Jump to content
jordan_meakin

Buying a Range Rover classic

Recommended Posts

Yours will be attached the distributor at that age, so get one that looks like it will. The older one fits to the wing and is quite different.

Share this post


Link to post
Share on other sites

I wondered if that was it, goes to the ECU which explains your explanation of why it could be the fault. I'll be ordering bits and considering how cheap they are, I'll just get one.

Thanks for all the help. I'll report back!!

Share this post


Link to post
Share on other sites

Just don't buy the cheapest bits - avoid Britpart.

Share this post


Link to post
Share on other sites

So, I replaced the ignition module, now it's dead. It was one that required the three pin adaptor plug. With no end of fiddling, got that on but now there's nothing. So, either I've done something wrong or the new module is dead. It's frustrating because I had to cut the old plug off to fit the new one so can't simply swap to the old one easily. I've never had this before but want to check, the distributor can only slot back in to one position? Obviously I marked up for the timing etc. but it did take a bit of fiddling to get back in... Marked plug leads up etc. too so can rule out the obvious.

Share this post


Link to post
Share on other sites

It has just occured to me that I've cocked up, will need to reset on TDC. Any advice? It's much more straightforward on a four cylinder series.

Share this post


Link to post
Share on other sites

Last time I had to faff with dizzy timing on my V8 we couldn't make it NOT run no matter where we put the damn thing...

Follow the timing mark & crank pointer, get the rotor arm pointed at the right lead and twiddle from there I think.

Share this post


Link to post
Share on other sites

Definitely won't go. I haven't inspected but is the mark and pointer at the top? Also, how do folks "turn over by hand"? How are the cylinders numbered? Haynes manual on the way!!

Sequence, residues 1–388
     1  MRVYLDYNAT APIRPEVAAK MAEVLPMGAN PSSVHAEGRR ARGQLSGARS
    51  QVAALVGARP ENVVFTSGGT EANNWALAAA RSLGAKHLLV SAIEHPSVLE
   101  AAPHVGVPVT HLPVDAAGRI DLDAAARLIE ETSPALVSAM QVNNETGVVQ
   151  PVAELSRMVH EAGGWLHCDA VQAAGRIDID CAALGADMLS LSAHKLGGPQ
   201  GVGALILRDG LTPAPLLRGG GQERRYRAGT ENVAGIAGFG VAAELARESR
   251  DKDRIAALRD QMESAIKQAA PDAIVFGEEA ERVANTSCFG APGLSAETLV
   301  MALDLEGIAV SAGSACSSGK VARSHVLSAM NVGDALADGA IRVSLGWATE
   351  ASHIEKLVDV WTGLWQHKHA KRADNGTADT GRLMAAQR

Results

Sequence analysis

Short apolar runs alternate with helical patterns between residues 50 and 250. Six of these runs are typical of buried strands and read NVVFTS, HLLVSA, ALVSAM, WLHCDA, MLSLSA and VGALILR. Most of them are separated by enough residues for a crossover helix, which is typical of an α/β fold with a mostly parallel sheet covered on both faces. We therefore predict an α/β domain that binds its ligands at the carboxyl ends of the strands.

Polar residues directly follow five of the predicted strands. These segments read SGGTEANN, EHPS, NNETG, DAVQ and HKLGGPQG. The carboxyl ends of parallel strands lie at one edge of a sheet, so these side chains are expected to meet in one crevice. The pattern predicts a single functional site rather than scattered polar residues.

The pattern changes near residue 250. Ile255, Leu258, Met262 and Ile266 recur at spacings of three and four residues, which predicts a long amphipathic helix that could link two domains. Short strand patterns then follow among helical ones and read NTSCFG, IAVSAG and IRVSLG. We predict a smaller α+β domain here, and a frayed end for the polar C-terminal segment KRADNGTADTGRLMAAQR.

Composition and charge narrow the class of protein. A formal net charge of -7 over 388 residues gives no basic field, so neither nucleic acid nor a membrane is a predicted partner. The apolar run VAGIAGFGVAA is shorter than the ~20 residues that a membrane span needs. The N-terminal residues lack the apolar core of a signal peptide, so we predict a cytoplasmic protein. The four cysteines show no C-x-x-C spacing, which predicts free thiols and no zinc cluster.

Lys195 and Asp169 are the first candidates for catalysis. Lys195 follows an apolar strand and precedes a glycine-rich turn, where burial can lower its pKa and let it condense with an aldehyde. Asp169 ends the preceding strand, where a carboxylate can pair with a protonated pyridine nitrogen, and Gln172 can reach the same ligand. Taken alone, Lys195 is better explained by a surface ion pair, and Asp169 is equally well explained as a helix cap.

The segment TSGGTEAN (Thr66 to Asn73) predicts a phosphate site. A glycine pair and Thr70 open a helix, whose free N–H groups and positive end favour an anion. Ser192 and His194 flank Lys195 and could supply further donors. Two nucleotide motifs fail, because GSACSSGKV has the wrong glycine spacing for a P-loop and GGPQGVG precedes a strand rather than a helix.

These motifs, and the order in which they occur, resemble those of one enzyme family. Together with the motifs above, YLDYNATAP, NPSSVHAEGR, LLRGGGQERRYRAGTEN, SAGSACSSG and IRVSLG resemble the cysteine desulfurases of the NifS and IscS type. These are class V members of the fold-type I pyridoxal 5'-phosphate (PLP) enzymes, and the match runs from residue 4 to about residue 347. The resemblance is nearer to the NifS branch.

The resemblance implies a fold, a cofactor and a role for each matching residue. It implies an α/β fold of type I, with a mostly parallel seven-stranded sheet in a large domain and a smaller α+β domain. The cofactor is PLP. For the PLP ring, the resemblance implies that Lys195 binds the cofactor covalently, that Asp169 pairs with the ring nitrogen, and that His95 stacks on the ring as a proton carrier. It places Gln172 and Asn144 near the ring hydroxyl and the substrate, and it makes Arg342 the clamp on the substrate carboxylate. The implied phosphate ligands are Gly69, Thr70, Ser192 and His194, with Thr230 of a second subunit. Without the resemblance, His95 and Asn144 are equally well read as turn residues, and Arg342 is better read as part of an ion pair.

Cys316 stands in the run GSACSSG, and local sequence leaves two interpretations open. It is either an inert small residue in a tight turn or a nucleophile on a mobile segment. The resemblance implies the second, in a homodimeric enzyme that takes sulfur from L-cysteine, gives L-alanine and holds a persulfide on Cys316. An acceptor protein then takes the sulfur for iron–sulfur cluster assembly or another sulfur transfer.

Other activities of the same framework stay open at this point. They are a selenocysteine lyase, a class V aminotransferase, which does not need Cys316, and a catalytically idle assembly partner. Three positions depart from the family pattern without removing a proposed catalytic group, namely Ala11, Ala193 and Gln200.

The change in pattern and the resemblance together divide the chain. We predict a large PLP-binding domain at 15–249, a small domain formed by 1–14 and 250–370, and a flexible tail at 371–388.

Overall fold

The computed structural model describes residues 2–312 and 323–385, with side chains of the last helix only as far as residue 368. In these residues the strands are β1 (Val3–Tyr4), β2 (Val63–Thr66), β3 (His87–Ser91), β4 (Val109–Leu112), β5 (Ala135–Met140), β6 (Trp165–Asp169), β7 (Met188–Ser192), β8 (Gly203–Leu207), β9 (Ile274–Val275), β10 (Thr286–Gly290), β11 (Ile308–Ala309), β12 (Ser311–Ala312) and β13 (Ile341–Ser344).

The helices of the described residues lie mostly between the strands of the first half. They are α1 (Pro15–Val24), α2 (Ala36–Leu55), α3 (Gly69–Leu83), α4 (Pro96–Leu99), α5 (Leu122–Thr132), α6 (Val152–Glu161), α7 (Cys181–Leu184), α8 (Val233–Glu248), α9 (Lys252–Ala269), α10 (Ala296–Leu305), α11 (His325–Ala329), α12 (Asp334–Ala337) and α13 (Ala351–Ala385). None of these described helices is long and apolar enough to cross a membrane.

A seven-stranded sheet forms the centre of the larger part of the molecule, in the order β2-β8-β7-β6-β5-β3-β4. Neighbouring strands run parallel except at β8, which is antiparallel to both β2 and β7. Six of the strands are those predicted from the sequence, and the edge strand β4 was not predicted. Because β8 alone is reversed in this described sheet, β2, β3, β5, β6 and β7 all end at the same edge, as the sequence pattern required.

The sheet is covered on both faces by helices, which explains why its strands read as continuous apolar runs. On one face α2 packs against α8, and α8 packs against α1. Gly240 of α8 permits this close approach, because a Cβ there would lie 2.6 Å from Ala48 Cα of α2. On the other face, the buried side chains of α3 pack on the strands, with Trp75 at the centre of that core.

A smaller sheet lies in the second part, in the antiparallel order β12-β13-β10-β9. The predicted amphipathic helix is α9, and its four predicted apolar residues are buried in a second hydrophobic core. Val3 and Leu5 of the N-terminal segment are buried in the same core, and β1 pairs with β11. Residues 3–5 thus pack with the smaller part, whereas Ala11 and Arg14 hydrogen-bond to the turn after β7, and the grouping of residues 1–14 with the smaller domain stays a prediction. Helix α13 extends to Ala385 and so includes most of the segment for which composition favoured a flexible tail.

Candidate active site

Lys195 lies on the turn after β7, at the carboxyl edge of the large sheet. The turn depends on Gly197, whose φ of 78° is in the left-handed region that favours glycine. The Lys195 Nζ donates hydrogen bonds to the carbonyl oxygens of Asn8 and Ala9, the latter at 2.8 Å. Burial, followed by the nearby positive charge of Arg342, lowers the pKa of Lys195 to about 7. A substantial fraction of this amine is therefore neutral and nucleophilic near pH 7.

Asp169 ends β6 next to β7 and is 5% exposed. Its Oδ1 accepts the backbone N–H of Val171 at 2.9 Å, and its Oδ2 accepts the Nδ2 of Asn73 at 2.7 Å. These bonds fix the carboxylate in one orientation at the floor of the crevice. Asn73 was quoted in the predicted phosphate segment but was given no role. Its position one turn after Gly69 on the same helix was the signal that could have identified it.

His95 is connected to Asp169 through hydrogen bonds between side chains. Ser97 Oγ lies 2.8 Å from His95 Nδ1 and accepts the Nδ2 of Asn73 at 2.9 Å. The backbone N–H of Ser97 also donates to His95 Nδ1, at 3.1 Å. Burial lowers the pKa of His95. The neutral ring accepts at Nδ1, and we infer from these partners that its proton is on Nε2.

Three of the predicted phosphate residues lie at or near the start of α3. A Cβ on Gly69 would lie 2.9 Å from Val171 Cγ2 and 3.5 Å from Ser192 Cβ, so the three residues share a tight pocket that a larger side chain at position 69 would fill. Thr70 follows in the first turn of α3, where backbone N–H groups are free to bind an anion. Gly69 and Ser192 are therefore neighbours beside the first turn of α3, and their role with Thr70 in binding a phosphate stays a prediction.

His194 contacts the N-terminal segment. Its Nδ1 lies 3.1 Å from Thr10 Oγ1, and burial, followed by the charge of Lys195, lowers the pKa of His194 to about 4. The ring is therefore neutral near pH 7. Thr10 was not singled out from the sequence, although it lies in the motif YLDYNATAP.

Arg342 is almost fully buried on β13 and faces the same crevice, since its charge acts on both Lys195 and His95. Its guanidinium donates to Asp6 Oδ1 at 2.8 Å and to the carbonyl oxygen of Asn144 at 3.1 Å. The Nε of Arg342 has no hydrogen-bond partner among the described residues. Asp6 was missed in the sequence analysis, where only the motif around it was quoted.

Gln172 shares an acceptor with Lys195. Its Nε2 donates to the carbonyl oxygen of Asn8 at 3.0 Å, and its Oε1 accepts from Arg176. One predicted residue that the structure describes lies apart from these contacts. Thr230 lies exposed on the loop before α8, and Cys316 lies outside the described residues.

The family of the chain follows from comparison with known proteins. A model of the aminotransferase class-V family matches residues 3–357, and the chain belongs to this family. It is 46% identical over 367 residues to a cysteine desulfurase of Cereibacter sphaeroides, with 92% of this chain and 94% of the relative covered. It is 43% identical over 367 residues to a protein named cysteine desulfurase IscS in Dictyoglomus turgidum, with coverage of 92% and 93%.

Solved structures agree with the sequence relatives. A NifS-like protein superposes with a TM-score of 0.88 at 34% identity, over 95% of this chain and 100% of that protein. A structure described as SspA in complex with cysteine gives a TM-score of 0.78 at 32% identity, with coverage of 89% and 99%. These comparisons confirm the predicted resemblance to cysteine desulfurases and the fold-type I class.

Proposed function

Share this post


Link to post
Share on other sites

Yep, the pointer is on top. Not always to be trusted to be accurate, but it'll get you in the ballpark. 

2ae0833a-755a-4740-b8fa-4cc0d9d3342b.jpg

I usually turn the engine with a socket on the crank pulley nut, only going clockwise. 

 

Share this post


Link to post
Share on other sites
14 hours ago, jordan_meakin said:

Also, how do folks "turn over by hand"?

27mm socket (wheel nut size) on the crank nut from memory.

Share this post


Link to post
Share on other sites

Thanks for the help chaps. Any easier way of knowing if the exhaust valves are closed other than taking the rocker cover off?

Share this post


Link to post
Share on other sites

Have you checked for spark?

Share this post


Link to post
Share on other sites

So, all running again. Firstly, pretty sure the new module was faulty. Secondly, I had managed to knock the oil pump drive out of line from the distributor drive so it wouldn't all marry up, hence why the timing didn't make sense. Running again now but still with the original fault. Learnt a lot though so thanks for your very useful advice. Back to fault diagnosing!!

Share this post


Link to post
Share on other sites
On 5/25/2019 at 7:44 AM, Shackleton said:

Hi Jordan,

That's my video above, chuffed to see it thanks lads.

</snip>

 

Ahh, so it's you!

Have to say the missus was watching this with me a little while back and we both had a chuckle.

Possibly one of the best no-BS deliveries I've ever seen and both of us just kept nodding and laughing in agreement.

Love the vids!

  • Like 1

Share this post


Link to post
Share on other sites

Without trying to dissuade you or send you on a diagnostic path, there are a few things other than static timing and sensors that you need to check.

1. did you have the distributor apart, did you disassemble, clean relube and reassemble the mech advance? (you should have)

2. the distributor shaft needs to be checked for endplay and side play. this will cause a cycle of "I checked it and there's still a misfire" ignition issues.

3. the hall sensor needs to be checked and the trigger clearance needs to be correctly set, taking into account the freeplay in the shaft.

4. the retainer washer is problematic on the top of the shaft. There is a modification where the top is tapped for an m4 thread and small screw/washer/socket screw is used to fix this and prevent the damage that invariably occurs when an owner tries to remove a rotor that"wont come off the shaft". Ironically it's the attempts to remove problematic stuck rotors that cause misfires....

5. the rollover switch under the passenger seat needs to be checked and cleaned / lubed and reset - this can cause intermittent cutouts similar to a failing dizzy module.

6. relocating the module to the inner guard near the coil / air intake is a very straightforward useful modification. It guarantees you keep the module from thermal cycling overheating issues.